Perhaps the people who designed the Ohio system made a good-faith effort to achieve “balance” between the various components – a very difficult endeavor to be sure. But what they ended up with was a somewhat arbitrary formula that produces troubling, implausible results based on contradictory notions of how to measure performance. The grades are as much a function of income and other student characteristics as anything else, and they’re more likely to change than stay the same between years. So, while I can’t say what the perfect system would look like, I can say that Ohio’s report card grades, without substantial changes, should be taken with a shaker full of salt.

Unfortunately, that’s easy for me to say, but parents, teachers, administrators, and other stakeholders have no such luxury. These grades are used in the highest-stakes decisions.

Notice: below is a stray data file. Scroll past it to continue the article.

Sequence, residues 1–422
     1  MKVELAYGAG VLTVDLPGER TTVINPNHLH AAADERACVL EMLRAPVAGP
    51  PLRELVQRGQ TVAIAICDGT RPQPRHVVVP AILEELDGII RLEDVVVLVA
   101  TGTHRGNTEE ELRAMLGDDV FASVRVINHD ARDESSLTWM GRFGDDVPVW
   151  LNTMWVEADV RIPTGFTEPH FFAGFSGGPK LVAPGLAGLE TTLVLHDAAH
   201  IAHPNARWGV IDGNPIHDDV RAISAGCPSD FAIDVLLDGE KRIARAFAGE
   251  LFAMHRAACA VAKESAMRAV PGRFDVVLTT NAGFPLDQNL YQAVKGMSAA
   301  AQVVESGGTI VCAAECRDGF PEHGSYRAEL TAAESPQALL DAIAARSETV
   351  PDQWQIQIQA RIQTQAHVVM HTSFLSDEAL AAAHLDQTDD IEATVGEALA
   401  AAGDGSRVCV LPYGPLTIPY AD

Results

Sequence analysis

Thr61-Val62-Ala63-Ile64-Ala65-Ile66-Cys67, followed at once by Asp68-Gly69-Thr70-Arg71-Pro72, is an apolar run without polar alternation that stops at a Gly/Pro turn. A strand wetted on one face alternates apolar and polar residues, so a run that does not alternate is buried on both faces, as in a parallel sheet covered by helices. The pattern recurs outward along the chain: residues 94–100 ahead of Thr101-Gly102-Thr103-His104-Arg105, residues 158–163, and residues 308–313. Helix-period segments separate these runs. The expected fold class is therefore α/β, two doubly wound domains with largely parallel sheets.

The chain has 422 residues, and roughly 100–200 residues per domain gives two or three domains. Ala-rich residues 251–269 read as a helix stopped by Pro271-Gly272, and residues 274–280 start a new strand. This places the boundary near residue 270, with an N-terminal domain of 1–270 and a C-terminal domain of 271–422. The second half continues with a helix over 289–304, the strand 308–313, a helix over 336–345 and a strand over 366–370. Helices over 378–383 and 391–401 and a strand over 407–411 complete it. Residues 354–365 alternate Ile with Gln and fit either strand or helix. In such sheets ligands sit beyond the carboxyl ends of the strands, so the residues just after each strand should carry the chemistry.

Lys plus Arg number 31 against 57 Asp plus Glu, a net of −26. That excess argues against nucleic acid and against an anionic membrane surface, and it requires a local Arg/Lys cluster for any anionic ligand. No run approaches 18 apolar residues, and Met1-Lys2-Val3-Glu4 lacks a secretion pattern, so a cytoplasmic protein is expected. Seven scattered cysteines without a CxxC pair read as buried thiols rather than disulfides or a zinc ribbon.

And this brings up a larger, perhaps more important issue about these Ohio grades and similar systems elsewhere: They are based almost entirely on students' test results. We don’t judge students and teachers based solely on test results, so why do so for schools and districts?


** For example, the correlation between the performance index of schools in 2010 and 2011 is 0.95, which is very high (it's similarly strong for the percent of state standards met, at 0.91). But these correlations do vary by school poverty – stability is higher among the lowest-poverty schools compared with the medium- and high-poverty schools. The poverty-based variation in stability is a function of distributions around "benchmark"-based measures. For instance, most of the state standards require that schools have over 75 percent of their students meeting proficiency standards – since most low-poverty schools come in well above that cutoff, they are less likely to see changes in their ratings between years. But, regardless of the reasons why it occurs, there is a potentially-troubling consequence of this dynamic: Ohio’s report card grades are much more stable among the lowest-poverty schools compared with those with medium- to low-poverty rates.

- Matt Di Carlo


These same forces are at work in education.